Last year, I heard Alan Veingrad speak at the Providence Kollel. For seven seasons, Veingrad played for the Green Bay Packers and the Dallas Cowboys in the National Football League. He won a Super Bowl ring when he played for the Cowboys. What fascinated me was that Veingrad went from being an NFL player to becoming an Orthodox Jew.
Michelle Kaufman, on Chabad.org, gives an interesting commentary on this in “Ex-NFL Player Goes From Shoulder Pads to Prayer Shawl.”
“Like many professional athletes who become reliant on built-in structure and motivation from coaches, Veingrad felt lost when the cheering stopped. A cousin invited him for Shabbat dinner, and thus began his metamorphosis,” Kaufman wrote. “After spending most of his life in a violent, macho world, Veingrad was intrigued by the simpler, gentler Jewish way of life.”
I could relate to Kaufman’s comment about Veingrad feeling lost when the cheering stopped. As a broadcaster and on the public stage, I admit that the work fulfilled my need for audience acceptance. But it doesn’t hold me. It is temporary because when “the show is over,” you go home without an audience. I have realized that it is the deeper “work” that I feel from my Judaism that has brought me a sense of peace and calm, as well as a greater sense of trust, knowing that God is with me.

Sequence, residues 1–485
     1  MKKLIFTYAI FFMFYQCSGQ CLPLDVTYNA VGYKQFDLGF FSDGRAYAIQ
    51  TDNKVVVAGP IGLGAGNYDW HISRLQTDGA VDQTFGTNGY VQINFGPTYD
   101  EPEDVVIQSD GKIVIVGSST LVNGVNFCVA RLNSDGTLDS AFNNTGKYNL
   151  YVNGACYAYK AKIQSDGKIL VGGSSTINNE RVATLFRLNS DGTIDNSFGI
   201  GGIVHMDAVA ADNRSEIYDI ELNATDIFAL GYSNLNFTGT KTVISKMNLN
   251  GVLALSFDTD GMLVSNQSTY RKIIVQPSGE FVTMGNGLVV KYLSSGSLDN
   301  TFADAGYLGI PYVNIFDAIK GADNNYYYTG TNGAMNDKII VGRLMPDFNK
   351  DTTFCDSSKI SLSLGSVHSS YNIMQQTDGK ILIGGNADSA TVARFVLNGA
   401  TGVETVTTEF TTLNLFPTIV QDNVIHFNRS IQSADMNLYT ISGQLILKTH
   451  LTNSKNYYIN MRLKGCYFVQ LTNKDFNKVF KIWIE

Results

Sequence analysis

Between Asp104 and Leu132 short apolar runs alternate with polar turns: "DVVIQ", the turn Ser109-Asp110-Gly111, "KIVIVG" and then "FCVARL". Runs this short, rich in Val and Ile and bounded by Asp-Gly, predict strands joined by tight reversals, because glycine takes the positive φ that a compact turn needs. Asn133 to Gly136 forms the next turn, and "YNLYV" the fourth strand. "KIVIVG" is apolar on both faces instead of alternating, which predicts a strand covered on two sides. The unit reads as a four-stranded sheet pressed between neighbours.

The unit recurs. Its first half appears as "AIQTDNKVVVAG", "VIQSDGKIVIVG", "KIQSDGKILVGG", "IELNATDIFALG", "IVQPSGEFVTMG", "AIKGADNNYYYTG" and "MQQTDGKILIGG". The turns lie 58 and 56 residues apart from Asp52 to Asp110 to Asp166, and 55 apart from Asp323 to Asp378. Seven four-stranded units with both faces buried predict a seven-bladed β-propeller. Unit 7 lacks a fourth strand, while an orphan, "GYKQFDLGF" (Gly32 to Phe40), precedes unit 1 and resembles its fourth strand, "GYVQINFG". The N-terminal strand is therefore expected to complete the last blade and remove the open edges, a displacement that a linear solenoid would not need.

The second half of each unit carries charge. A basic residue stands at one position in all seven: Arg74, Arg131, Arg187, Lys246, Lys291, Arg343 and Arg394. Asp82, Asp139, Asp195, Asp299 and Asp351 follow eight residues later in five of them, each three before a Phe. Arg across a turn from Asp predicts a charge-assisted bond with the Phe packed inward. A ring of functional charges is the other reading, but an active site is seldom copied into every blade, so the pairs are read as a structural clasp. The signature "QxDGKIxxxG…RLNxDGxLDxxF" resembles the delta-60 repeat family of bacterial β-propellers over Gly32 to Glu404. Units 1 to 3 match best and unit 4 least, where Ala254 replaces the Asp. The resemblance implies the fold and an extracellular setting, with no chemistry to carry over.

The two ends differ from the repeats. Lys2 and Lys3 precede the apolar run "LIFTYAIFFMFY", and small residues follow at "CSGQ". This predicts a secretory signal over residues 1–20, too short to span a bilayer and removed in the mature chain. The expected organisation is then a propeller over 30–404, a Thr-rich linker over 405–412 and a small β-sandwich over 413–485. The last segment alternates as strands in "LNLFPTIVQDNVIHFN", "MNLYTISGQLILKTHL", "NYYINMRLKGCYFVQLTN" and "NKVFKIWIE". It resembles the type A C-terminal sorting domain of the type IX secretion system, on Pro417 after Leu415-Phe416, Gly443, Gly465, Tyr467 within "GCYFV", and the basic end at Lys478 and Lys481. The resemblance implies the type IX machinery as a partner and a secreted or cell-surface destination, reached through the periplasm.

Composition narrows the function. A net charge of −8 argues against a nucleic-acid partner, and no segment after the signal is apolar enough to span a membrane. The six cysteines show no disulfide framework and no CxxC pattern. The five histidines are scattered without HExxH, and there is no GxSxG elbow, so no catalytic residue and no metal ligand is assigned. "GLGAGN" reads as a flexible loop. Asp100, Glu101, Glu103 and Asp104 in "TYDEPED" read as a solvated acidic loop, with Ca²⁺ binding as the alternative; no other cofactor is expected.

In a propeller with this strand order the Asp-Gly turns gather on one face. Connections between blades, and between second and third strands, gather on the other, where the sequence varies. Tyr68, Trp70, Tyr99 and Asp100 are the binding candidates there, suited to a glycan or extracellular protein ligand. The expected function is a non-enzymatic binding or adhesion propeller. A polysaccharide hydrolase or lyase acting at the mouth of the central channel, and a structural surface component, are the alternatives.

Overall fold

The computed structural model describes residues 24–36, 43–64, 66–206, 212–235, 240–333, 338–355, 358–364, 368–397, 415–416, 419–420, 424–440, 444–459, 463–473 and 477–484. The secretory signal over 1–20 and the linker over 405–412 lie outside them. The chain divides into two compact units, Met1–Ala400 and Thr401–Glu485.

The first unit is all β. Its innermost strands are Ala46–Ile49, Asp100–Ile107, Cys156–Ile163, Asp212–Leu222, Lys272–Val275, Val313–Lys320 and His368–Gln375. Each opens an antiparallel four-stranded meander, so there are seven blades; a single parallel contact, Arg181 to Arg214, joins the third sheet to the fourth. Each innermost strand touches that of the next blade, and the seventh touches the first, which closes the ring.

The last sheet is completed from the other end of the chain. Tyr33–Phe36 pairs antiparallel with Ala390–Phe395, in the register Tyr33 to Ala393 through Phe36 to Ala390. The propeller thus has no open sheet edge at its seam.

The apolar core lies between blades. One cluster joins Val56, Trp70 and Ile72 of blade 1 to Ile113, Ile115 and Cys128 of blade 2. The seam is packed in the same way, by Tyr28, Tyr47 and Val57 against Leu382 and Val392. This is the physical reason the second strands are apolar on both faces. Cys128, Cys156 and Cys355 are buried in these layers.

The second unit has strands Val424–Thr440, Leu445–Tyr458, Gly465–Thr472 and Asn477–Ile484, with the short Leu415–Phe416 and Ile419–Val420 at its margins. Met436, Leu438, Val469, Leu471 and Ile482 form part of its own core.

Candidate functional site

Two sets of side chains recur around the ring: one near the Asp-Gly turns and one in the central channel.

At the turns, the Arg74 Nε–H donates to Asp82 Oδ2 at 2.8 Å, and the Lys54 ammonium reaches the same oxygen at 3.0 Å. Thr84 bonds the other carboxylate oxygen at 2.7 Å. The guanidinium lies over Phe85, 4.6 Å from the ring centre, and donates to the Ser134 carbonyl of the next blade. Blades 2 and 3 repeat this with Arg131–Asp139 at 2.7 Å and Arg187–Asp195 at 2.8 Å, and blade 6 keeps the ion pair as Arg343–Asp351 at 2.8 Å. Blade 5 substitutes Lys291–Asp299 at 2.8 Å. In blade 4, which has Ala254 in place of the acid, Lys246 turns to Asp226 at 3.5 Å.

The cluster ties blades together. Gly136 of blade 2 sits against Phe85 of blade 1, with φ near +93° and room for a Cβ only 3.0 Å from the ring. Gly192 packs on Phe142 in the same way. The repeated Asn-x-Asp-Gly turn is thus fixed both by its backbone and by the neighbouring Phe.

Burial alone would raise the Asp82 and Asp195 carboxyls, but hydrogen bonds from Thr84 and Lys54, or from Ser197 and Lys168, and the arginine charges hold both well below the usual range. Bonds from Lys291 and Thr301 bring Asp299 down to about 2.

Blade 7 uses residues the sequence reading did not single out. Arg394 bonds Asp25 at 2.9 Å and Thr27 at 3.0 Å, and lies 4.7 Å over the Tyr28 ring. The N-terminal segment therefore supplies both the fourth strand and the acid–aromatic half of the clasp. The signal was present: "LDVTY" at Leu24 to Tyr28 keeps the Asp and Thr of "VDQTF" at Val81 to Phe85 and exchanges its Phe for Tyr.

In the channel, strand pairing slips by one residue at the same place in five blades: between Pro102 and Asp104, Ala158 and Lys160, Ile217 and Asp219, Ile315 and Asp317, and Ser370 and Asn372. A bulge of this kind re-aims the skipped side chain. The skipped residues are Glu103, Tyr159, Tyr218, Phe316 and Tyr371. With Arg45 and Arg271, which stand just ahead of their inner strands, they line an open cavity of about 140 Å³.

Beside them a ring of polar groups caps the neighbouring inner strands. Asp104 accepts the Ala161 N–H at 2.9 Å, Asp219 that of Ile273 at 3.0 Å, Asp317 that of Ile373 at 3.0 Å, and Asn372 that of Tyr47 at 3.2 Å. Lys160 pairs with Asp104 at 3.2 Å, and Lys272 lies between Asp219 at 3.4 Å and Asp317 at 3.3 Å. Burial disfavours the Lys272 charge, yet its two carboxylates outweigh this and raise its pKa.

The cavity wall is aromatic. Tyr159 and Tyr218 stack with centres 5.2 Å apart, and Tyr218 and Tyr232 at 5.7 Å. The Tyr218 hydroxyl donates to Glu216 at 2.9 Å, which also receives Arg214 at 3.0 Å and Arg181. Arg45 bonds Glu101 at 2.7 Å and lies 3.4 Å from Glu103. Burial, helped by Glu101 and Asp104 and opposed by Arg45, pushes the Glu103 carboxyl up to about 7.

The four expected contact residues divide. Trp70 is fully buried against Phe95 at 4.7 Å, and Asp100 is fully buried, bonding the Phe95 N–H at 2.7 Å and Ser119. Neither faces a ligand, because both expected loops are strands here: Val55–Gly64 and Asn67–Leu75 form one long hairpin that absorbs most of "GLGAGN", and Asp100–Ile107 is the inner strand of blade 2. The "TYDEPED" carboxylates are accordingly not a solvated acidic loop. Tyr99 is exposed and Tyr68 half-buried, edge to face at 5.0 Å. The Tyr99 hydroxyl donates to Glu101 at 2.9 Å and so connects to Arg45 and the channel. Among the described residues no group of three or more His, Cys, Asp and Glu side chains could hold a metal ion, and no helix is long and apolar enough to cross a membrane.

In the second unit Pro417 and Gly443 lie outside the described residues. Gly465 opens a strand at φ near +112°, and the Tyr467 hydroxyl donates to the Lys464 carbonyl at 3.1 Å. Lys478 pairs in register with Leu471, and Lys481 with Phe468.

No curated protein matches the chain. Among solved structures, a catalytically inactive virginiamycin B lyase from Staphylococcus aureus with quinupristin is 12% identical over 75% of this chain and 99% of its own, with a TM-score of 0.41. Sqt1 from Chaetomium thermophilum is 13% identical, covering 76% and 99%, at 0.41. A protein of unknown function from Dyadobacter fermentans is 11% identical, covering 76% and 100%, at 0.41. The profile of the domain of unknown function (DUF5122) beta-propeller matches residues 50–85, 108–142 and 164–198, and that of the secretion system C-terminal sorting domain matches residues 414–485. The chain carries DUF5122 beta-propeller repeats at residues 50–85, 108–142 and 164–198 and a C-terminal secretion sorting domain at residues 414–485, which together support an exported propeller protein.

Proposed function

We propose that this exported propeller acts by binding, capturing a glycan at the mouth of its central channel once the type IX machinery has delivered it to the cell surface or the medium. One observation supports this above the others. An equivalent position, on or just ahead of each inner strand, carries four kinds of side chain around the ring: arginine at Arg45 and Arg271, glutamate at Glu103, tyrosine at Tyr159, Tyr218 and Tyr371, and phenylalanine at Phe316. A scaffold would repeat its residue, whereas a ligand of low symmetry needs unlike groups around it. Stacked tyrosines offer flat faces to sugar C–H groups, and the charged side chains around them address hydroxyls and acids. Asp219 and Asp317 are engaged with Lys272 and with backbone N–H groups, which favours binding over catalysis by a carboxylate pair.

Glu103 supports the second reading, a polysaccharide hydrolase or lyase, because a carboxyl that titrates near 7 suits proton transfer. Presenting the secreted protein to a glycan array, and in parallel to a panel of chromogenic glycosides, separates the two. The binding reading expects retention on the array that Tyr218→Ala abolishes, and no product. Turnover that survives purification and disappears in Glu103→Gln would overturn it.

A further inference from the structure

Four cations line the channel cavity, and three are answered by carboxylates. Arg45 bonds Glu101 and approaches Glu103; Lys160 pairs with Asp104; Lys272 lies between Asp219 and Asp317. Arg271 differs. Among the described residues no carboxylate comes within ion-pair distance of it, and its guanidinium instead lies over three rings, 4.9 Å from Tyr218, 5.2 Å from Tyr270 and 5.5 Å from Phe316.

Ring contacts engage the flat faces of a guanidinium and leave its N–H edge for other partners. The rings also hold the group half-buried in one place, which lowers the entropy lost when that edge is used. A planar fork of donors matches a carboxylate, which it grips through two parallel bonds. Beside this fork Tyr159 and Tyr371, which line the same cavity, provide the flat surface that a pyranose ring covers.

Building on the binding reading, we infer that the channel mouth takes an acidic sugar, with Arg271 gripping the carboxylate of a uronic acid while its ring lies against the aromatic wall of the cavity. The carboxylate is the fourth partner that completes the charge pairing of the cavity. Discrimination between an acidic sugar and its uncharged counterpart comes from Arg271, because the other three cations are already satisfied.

Aaron Howard has written an article, at Ascentofsafed.com, titled “From Helmet to Scullcap,” which was originally printed in the Jewish Herald-Voice newspaper in Houston. In this interesting piece, Howard writes that Veingrad says that being a full-time Jew is a lot like being a professional football player. Veingrad states, “Everything I learned in football, I can apply to making my Judaism the center of my life. You’re praying to God in shul, and so you have to come in with the same focus” that you have when you play football.
On the Chabad.org video website, there is a clip, from a sports TV news show, titled, “The Story of NFL Offensive Lineman Alan Veingrad – From Football to Faith.” In it, Veingrad says, “I was talking to the kids and way in the back a rabbi raised his hand and asked me, ‘Now that you know the life that a Jew should really live, would you have played in the NFL?” and I said, ‘Of course! I believe I played in the National Football League to tell my story’.”
As a person who is not a sports enthusiast, I was still so glad to hear Alan Veingrad speak last year and to read about his life, then and now, and his philosophy. It speaks to me.
PATRICIA RASKIN hosts “The Patricia Raskin Show” on Saturdays at 3 p.m. on WPRO, 630 AM/99.7 FM and on Mondays at 2 p.m. on voiceamerica.com. Raskin is a board member of Providence’s Temple Emanu-El.